One key to a good polar panorama is to find an area where there is some symmetry, as was the case in the photo of the main lawn. We took this photo by standing in the center of the lawn and mounting the camera on a tripod in portrait mode with a wide angle lens. We needed to scan the 360 degree circle of the panorama through the viewfinder to make sure there was clear sky above the trees at every angle. (A branch touching the top of the photo would ruin the panorama.) We then rotated the camera to take pictures every 30 degrees, taking 12 shots. It is best to do this in manual mode including manual focus to maintain consistency between the shots.
(Even More Technical Note: In landscape mode, the field of view [FOV] for this camera [APS-C 1.6x crop factor sensor] with the 10 mm focal length lens that we used is 97 degrees horizontal and 76 degrees vertical. Since the camera was tilted into portrait mode, the FOV angles were reversed, resulting in 76 degrees horizontal and 97 degrees vertical. This gave us more sky per image at the cost of less horizontal overlap between images.)
When we got home, we converted the photographs to JPEG using Lightroom and imported them into Photoshop. We then generated a standard panorama using the File->Automate->Photomerge.. menu (this was in the CC version — for other versions do a web search for “Photoshop Panorama” to find the correct menu item) then adding the twelve files to the list in the dialog box and checking the “Content Aware Fill Transparent Areas Box.” After a moderate delay, a linear panorama was produced. The panorama showed the same objects on the far right and far left because of the overlapping field of view of the lens. We used the crop tool to remove the duplicated portion of the image.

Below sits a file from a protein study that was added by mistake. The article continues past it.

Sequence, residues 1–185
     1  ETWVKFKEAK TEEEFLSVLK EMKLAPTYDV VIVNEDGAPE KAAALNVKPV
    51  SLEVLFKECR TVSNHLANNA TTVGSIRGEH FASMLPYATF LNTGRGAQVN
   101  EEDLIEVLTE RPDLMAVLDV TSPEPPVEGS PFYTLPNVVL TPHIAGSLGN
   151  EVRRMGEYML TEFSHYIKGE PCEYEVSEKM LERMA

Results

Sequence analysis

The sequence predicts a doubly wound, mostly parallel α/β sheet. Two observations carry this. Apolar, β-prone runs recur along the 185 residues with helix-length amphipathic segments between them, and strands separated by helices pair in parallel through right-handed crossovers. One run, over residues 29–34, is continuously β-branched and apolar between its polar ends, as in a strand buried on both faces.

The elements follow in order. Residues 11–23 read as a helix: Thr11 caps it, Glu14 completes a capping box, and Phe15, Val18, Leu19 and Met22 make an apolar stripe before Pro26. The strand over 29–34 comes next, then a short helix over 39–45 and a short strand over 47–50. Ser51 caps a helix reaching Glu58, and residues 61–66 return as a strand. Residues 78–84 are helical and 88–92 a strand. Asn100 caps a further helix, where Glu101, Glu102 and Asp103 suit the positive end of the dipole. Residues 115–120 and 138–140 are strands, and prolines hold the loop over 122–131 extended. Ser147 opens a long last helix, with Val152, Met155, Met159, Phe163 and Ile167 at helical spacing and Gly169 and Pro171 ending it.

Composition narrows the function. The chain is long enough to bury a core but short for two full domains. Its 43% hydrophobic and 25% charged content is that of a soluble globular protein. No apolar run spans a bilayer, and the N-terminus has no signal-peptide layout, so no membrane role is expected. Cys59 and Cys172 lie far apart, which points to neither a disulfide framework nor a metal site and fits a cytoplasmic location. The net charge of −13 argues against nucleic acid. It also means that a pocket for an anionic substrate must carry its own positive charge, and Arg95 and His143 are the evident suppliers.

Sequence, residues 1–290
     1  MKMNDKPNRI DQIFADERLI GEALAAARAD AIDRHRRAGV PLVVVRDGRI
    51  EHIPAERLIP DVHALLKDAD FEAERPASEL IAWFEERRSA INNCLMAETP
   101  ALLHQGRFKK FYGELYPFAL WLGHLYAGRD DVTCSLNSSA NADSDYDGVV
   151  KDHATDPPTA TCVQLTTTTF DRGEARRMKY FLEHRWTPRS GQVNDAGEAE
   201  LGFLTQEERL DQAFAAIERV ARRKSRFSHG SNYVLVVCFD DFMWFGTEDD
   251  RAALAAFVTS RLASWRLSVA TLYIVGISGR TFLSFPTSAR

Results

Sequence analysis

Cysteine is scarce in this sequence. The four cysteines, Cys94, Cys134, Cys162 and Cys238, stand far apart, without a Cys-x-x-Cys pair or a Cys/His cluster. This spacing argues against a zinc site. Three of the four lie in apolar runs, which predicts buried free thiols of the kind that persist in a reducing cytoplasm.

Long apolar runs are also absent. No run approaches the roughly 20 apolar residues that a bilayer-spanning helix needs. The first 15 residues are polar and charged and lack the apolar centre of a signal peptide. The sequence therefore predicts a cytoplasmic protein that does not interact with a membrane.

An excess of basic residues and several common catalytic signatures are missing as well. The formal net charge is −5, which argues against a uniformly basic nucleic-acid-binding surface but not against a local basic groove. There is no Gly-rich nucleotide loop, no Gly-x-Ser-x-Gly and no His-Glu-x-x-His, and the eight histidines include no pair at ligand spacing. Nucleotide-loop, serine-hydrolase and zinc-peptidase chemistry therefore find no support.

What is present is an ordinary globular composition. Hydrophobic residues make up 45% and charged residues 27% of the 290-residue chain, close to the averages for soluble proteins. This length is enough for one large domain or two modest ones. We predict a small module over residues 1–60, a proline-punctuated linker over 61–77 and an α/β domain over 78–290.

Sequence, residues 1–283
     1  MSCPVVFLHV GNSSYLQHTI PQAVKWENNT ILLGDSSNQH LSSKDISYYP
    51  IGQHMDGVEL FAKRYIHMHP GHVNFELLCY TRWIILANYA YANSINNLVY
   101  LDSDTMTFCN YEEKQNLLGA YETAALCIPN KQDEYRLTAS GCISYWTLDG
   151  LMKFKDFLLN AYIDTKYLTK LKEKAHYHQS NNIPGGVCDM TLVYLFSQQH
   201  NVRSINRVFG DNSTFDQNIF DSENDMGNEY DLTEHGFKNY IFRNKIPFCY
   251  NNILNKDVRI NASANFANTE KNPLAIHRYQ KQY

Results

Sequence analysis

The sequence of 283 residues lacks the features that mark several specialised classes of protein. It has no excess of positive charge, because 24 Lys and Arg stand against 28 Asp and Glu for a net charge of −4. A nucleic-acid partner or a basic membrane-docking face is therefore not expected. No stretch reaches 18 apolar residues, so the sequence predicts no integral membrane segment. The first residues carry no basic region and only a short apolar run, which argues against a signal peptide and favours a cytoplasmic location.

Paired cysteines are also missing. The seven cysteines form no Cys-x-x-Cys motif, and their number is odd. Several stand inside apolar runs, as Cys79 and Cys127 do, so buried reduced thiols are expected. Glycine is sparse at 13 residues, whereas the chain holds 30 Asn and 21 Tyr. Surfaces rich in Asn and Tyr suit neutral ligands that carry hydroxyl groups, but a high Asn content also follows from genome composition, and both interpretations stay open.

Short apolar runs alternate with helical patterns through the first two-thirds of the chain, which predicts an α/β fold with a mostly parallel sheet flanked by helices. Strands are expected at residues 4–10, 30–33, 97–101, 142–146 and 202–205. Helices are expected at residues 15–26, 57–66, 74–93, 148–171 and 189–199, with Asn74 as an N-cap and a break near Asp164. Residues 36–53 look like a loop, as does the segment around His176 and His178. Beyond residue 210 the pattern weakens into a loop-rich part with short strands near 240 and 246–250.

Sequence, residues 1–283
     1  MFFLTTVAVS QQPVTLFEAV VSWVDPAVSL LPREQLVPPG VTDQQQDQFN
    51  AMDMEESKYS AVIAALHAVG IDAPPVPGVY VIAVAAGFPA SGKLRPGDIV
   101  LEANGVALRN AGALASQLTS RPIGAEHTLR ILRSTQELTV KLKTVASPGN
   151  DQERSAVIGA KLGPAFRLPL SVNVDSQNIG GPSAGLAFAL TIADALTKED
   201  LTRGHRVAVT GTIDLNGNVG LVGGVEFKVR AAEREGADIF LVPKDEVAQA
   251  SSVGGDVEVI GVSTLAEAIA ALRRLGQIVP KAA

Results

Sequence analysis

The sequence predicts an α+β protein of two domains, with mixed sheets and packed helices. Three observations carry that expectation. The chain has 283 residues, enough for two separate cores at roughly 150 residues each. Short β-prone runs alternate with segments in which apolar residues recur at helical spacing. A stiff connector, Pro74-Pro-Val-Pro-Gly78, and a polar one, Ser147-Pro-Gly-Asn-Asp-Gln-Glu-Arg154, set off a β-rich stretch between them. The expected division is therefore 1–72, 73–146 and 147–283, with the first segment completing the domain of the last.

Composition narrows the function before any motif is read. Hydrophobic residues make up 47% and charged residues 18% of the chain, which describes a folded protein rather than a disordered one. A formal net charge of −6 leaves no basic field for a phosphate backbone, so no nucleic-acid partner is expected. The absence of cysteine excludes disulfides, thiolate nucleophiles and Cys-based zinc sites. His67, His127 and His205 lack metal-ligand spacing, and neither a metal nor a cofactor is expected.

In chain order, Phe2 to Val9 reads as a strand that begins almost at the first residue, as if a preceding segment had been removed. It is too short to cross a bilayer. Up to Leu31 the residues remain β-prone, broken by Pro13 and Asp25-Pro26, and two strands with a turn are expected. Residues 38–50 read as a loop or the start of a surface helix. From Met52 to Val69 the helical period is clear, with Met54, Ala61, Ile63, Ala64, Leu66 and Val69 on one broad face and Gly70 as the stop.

Once the linear panorama had been created and cropped, the conversion to polar form could begin. Selecting Image->Image Size… from the menu opened the resize dialog box. In the dialog box, we set the Height and Width to the same value (the smaller of the two values because the image was now quite large). The result was a square image that was “stretched” in the vertical dimension.
Since Photoshop’s polar distortion wraps an image around the center of a photo at its top, the “ground” of the image needs to be at the top and the sky at the bottom. To do this, we selected the Image->Image Rotation->Flip Canvas Vertical menu items. At this point, we had a vertically-stretched image that was upside down.
The final step is the actual transformation. That’s when we finally used the Filter->Distort->Polar Coordinates command that was mentioned when this (rather long-winded) discussion began. After a wait time that depended on our processor speed, a (hopefully fantastic) polar panorama was displayed.
Here is another photo taken in the gardens while standing in the center of a small bridge crossing a stream. The bridge is in the center.
Another panorama was taken from the same bridge at exactly the same spot. The only difference between the photos is that the camera was pointed down to catch more of the bridge railing. Also, since we could not get clear sky at the top of the photos at that camera angle, we used the repeating patterns of the boards on the bridge as our “sky.” (The real sky is in the circle in the middle of the resulting image.) Since the boards were already at the bottom of the linear panorama, we simply omitted the Image->Image Rotation->Flip Canvas Vertical step in our processing. The stream flowing beneath the bridge can be seen through the railings on either side.
Here is a final image of the park taken while standing on another bridge. The bridge is the “butterfly” in the center of the photo. A careful examination will reveal the two ponds on either side of the bridge, as well as a small gazebo at around seven o’clock.